I sprinted towards them as they battered away. Tried, but could not open the bolted door. I shouted out, called at the top of my voice for those around me to help, but to no avail. And when at last I despaired, and turned my back to come away, my head knocked against the wall of a water tank, greater still, shut fast against me.
She takes off her clothes and covers her chilly, naked body with a heavyweight green gown. She steps into the white plastic slippers and gets up onto the birthing chair. She leans back, gulping hungrily at the air and mumbling a plea for help in the form of the Quranic ayahs she’s been told will ease the pain of her contractions: “When the earth is leveled out, casts out its contents, and becomes empty… casts out its contents and becomes empty… casts out….” Her words are silenced by a new contraction slamming into her from behind, then bursting out from the middle of her back and wrapping its monstrous arms around her, engulfing her, linking its hands under her belly and squeezing, clamping down, pushing down, down, down. She bites her bottom lip and clasps her hands over her chest. She digs the nails of her right hand hard into her left palm, streaming sweat, a tear escaping the corner of her eye.
The sea had depressed Huda ever since she was a schoolgirl, bent eagerly over a drawing of a Phoenician princess walking with her prince beside the sea, while their dog played with a shell. The creature that lived in the shell had dyed the dog’s mouth a purple color that clashed with the blue sea. She had written below the picture, ‘The color purple was discovered in the city of Tyre. Tyre is a Phoenician city situated on the Mediterranean Sea, like Beirut.’ Then she took her crayons and gave the prince and princess the most beautiful clothes, and colored the world around them like rainbows mingling with the blue of the sea, but instead of being happy that she had finished her homework, she felt a pain, different from when she had a toothache or grazed her knee: it began in her throat and descended into her belly, because the world and the colors she had drawn on the sheet of paper were what she longed for, unlike her house, empty of color and pictures and music. The pain attacked her throat and she felt as if she was suffocating because she would never walk by the sea like this prince and princess and their dog, never set eyes on its blueness or the lovely colors of the prince and princess’s clothes except in her dreams, and only then if she dreamt in color and not in black and white as usual.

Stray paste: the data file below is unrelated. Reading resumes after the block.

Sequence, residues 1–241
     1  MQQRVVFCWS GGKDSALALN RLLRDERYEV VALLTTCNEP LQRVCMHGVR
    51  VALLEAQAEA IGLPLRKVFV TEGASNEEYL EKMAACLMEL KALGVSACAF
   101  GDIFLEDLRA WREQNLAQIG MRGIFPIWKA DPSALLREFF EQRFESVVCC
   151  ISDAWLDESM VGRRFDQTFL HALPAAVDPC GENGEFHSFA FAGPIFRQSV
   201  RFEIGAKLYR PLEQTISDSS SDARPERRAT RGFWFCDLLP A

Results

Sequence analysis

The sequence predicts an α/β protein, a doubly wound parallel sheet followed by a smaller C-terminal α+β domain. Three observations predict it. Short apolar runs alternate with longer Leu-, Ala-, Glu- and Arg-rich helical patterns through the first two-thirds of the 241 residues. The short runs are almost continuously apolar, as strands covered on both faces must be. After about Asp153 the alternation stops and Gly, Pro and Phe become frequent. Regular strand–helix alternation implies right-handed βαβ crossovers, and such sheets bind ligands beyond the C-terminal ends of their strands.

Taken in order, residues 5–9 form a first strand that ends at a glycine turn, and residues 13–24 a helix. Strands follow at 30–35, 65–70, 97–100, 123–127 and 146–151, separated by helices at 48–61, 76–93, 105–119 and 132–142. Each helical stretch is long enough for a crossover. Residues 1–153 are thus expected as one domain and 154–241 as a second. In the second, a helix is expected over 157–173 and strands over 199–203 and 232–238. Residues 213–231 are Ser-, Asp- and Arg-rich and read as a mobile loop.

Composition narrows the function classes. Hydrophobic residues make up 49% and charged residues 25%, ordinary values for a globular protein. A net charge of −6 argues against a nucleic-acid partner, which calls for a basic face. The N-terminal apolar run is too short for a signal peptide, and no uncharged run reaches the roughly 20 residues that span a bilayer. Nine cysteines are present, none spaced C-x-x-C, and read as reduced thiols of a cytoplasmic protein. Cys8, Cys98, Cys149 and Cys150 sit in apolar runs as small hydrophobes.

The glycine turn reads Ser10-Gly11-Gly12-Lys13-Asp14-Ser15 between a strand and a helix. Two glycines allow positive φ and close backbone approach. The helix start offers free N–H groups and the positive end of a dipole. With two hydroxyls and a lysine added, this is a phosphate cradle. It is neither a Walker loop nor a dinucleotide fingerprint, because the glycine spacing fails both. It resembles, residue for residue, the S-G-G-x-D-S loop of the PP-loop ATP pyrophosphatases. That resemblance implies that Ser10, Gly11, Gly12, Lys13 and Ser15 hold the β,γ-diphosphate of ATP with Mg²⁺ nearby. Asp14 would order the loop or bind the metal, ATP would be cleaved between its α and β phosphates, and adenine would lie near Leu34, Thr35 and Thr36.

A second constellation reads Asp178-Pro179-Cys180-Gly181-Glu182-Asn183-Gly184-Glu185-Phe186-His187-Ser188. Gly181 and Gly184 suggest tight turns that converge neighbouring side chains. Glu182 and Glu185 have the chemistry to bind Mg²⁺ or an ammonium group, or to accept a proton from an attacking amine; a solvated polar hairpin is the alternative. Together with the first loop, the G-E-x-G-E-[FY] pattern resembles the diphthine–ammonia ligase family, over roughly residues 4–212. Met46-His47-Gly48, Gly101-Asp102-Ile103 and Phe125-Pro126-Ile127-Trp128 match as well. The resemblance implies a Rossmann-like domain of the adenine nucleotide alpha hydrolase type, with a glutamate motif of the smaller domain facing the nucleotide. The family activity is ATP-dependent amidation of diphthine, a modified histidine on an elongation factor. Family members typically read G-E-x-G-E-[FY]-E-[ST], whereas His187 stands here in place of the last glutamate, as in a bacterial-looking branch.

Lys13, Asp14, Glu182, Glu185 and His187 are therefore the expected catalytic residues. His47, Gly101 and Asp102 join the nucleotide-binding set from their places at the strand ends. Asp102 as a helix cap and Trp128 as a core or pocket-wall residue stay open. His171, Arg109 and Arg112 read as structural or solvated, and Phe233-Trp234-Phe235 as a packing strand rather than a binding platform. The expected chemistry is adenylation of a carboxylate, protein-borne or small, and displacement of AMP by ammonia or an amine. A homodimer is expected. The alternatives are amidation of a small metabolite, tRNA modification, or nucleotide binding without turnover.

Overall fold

When I first got together with Hilda, I used to enjoy contemplating her reflection in the mirror for hours. I would intentionally take her to cafés and other places filled with mirrors. I’d look at her features in the mirror more than I’d gaze at her directly, as if purposely creating a distance between the physical being that was ostensibly her and her reflection, because a person’s mirror image reveals more of who they really are; it reveals, in fact, the inner self, and to look upon that, as gratifying as it is, requires extraordinary courage.
Suheil Bushrui and James Malarkey’s anthology, Desert Songs of the Night: AnAnthology of 1500 years of Arabic Literature, is not aptly named. The romantic title conjures up an image of a bard, reciting poetry and telling stories in the Arabian desert by a fire: the very best poetry and tales from the Arabic literary tradition. In fact, the anthology is a collection of a wide range of texts, reflecting the rich cultural history and thought of Arabic heritage: chivalric verse, political, philosophical, and legal treatises, religious texts, moralistic essays, folktales, travel writing, excerpts from plays and memoirs and modern narrative poetry.
The collection is tempered by the academic backgrounds and interests of the two editors. Suheil Bushrui, who died last year at 84, was a distinguished critic and translator, an authority on Yeats and Kahlil Gibran and the founder and former director of the George and Lisa Zakhem Kahlil Gibran Center for Values and Peace at the University of Maryland. James Malarkey was Professor Emeritus at Antioch University, the former Chair of Humanities and General Education with past stints at universities in Algeria and Beirut. He is an anthropologist, specializing in Algerian politics.
Olivia ZhengReview: Desert Songs of the Night: An Anthology of 1500 Years of Arabic Literature